Shopping for health care is kind of like going to a grocery store where there aren’t any price tags. That jar of spaghetti sauce might cost $4, or maybe $50. But in health care you typically don’t find out prices until you get to the checkout counter. People with one kind of card pay one price, those with another pay a different one, and you may do better or worse if you offer cash.
Last year Montana lawmakers, frustrated by how hard it is to shop for the best deal in healthcare, set up a special committee to find solutions. That committee meets for the first time Wednesday.
Transparency in health care pricing is a famously tough nut to crack, and NPR has done a lot of reporting on it. I had a conversation about that with Gisele Grayson, a health editor at NPR in Washington, DC.
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Eric Whitney: Gisele, why do different people pay different prices for the exact same healthcare procedure?
Gisele Grayson: Well, haven’t you asked the million dollar question.
For a long time healthcare prices have been invisible to consumers, and we can think of the healthcare system having three basic actors; You’ve got your consumers, which is us, you’ve got your providers, which is doctors and hospitals, and you’ve got your insurance companies. And insurance companies have typically been the middlemen between us and our doctors. They negotiate with our doctors and hospitals to get the best deals.
But we don’t necessarily know what those deals are. So your insurance company has lots of power to drive hard bargains with a hospital or doctor’s office, and they they might pass some of that savings on to you, or maybe they keep a little bit for profit.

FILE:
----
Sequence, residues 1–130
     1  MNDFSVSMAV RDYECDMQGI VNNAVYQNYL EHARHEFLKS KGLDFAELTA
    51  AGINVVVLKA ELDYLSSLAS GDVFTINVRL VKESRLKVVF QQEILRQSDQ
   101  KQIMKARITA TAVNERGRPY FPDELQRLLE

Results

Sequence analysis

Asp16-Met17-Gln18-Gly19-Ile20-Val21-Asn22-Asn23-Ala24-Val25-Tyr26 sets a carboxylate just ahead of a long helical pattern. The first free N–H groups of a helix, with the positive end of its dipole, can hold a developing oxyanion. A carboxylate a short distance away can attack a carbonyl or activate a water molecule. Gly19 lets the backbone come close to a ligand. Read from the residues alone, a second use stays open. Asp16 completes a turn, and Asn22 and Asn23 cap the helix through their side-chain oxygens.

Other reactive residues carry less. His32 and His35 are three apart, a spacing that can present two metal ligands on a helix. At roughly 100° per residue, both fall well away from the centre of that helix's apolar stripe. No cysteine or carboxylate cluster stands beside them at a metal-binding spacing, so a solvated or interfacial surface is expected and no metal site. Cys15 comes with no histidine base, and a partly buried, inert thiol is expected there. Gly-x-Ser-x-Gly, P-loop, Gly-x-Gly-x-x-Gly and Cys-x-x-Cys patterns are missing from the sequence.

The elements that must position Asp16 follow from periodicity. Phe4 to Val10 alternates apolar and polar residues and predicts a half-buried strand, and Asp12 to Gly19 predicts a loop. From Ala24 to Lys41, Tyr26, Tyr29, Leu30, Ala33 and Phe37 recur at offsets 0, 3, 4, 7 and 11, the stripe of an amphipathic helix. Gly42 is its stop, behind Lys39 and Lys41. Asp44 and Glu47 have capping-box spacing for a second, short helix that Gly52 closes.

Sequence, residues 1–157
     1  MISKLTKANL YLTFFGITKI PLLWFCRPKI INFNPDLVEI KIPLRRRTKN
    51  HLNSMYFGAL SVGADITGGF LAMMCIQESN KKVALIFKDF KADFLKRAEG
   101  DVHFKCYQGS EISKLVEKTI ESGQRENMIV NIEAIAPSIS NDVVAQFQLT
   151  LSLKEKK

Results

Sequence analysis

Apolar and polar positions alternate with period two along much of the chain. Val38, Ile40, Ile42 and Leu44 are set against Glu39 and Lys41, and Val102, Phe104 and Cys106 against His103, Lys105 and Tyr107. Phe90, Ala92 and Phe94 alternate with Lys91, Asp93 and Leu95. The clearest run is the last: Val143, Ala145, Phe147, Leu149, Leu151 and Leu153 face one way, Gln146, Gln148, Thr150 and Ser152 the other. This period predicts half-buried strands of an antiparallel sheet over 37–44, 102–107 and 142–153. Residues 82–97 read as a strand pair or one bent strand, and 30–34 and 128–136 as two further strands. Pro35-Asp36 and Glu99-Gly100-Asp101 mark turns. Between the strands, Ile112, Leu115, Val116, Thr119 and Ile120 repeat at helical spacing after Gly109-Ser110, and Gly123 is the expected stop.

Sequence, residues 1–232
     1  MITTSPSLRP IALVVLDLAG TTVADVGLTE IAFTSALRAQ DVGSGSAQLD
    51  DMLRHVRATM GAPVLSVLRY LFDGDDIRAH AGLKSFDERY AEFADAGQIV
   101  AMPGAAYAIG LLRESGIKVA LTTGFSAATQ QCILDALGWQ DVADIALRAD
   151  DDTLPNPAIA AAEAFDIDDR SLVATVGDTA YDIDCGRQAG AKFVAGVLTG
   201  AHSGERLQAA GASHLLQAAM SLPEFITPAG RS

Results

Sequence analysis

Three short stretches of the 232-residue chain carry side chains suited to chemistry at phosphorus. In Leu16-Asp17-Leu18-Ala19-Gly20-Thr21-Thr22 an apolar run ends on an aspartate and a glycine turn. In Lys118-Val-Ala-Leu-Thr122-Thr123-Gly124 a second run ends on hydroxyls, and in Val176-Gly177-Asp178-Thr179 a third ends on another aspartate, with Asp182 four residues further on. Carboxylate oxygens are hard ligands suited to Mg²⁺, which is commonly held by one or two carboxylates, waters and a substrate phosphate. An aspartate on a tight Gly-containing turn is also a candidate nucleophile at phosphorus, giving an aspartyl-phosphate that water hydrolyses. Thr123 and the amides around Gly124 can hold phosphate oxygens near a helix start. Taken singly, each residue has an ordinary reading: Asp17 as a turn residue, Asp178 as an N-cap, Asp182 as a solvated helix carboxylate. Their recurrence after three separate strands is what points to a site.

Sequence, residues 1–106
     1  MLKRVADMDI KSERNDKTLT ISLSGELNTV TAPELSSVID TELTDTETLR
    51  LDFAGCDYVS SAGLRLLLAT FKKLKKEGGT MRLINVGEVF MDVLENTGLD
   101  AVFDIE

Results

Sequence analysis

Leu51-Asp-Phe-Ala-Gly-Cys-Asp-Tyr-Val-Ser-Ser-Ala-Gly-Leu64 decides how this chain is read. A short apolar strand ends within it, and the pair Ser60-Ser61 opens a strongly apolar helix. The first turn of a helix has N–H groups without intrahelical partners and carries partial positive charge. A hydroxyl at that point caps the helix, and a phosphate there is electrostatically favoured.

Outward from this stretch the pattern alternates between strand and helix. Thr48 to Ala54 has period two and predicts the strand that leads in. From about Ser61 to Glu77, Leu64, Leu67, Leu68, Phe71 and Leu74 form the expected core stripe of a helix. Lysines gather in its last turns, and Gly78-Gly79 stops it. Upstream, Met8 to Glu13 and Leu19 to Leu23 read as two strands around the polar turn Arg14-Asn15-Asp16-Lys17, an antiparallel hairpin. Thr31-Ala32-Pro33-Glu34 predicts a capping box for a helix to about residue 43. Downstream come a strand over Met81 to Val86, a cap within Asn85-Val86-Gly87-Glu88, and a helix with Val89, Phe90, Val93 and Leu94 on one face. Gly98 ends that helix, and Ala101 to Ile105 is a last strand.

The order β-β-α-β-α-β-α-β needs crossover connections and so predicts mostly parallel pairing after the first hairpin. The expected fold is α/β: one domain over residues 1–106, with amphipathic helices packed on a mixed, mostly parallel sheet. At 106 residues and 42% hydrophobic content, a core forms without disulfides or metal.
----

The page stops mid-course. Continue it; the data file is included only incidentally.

But sometimes hospitals and doctors are also powerful. The insurance companies might negotiate a good price for, say, something like an MRI or a knee replacement at a small hospital, but they may not get the same price for a big hospital that might have a lot more facilities that you might want to go do. Or maybe a hospital has such a great reputation that insurance companies have to pay pretty much whatever they ask, because all their customers want to go there.
So it’s a process by which the consumer has been kind of sidelined, because the insurance companies and the providers set most of the terms.
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GG: Yeah, that’s right, and we just mentioned Medicare is a big player in this world. But so are private health insurance companies, Medicaid, children’s health insurance companies, state employee health benefit programs, prescription drug plans, dental plans, private insurer plans, and then exchange plans – there’s so many different insurers fitting the bill, and each one negotiates its own prices with the entity we’re talking about – the hospital, the doctor’s office. So, it’s very hard to come up with any standard tool.
There are insurers, and there are companies that are trying to make this more transparent, but because of all these negotiations we just mentioned, unless you know the exact terms of your exact plan, you’re not going to get an exact price when you, say, want to know what a knee replacement costs in any given hospital.
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